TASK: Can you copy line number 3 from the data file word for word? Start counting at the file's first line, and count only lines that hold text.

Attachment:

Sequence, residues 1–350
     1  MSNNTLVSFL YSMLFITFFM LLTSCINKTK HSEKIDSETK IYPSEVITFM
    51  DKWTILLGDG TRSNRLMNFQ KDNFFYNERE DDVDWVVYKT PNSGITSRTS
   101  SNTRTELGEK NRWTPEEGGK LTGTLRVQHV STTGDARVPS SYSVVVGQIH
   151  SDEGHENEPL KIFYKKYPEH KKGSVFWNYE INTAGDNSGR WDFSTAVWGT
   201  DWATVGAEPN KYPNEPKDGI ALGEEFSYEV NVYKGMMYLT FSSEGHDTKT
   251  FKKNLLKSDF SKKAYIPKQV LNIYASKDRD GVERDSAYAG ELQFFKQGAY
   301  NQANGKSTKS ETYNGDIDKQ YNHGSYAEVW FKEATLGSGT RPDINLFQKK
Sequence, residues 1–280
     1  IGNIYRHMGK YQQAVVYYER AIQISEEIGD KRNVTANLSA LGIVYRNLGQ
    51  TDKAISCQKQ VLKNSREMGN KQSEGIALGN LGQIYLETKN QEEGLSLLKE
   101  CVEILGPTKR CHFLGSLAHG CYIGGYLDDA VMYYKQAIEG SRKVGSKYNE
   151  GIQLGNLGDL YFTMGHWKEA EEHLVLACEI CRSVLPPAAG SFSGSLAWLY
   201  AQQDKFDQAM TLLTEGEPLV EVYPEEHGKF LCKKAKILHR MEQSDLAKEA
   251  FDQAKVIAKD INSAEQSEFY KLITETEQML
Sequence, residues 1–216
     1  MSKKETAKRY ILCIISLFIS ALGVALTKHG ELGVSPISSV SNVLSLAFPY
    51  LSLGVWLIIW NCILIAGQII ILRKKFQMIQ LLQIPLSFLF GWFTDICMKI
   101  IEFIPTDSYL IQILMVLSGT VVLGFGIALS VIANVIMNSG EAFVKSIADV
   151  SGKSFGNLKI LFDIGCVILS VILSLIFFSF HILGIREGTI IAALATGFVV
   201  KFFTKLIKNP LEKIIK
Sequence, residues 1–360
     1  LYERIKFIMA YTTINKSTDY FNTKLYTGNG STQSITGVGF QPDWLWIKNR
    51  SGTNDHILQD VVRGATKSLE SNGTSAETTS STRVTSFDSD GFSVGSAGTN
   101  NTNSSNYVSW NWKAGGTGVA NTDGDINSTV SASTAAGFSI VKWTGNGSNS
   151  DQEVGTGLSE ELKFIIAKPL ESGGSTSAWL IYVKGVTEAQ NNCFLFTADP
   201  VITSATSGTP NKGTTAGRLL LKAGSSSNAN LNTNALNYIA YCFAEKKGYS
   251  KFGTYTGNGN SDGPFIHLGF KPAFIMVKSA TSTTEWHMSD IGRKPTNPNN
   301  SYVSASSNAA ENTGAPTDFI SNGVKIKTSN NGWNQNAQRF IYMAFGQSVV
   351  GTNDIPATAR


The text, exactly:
    51  DKWTILLGDG TRSNRLMNFQ KDNFFYNERE DDVDWVVYKT PNSGITSRTS